4). Your Local Party ought to produce at least a basic ’10 point’ policy plan for the election.

5). The prospect of getting elected to a District or County without having done a lot of work on a year-round basis is zero, though there is more chance at Parish/Town level. In the highly unlikely event that you are the only candidate nominated it is possible to withdraw your nomination.



(Your Election Agent will provide you with the relevant forms, explain things and submit the paperwork to the Council’s Returning Officer who runs the election).

– Fill in the form on which you appoint your Election Agent.

– Sign the consent form saying that you are prepared to stand and that you are qualified to do so (i.e. that you are 18 or over, a UK, Commonwealth or EU citizen, etc.) and not disqualified (bankrupt, employee of the Local Authority etc.)

– Sign the relevant form to say you want the Green Party emblem on the ballot paper.

– Sign within 35 days of the election a declaration that you’ve seen your Election Agent’s Return of Expenses and that to the best of your knowledge it is correct.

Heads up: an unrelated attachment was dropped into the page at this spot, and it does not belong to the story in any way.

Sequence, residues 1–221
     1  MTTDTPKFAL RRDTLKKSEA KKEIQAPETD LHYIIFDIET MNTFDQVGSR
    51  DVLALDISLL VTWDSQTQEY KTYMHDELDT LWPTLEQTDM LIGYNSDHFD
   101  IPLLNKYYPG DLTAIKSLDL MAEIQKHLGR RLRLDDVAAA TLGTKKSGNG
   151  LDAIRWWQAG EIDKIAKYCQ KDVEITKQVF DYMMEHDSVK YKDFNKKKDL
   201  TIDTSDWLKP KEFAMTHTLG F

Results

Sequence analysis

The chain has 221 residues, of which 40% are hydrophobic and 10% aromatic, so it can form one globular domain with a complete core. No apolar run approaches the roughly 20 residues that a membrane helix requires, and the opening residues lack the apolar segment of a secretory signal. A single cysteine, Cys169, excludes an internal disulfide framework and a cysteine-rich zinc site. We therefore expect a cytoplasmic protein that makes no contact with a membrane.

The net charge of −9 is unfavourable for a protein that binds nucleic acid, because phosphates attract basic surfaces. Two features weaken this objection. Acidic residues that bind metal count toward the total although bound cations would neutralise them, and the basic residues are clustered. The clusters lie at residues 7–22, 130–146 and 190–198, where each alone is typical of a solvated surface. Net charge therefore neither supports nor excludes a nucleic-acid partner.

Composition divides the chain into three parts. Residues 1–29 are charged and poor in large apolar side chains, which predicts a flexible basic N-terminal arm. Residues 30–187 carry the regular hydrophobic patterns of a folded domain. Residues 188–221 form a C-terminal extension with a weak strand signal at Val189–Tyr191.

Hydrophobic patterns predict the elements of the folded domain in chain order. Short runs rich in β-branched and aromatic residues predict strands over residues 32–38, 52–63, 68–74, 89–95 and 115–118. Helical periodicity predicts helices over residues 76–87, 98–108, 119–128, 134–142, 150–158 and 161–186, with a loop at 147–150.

– Get the signatures for your nomination paper of 10 people registered to vote in the Ward/Division you are standing in – but somebody else in your local Green Party can do this for you or help you.

– Help the campaign in target Wards/Divisions – either in your own Local Party’s area, or those listed as national target Wards in party publications.

– Whilst the law doesn’t require it, we strongly recommend that you go to the count of the votes on polling day. Your partner, Agent and a certain number of other people are entitled to go so you need not be on your own. It is important to see how well the Green Party has done and by monitoring a sample of votes from each ballot box we can see in what parts of the Ward we have done best. It also shows that Greens care about the democratic process and it can be can fun and interesting too!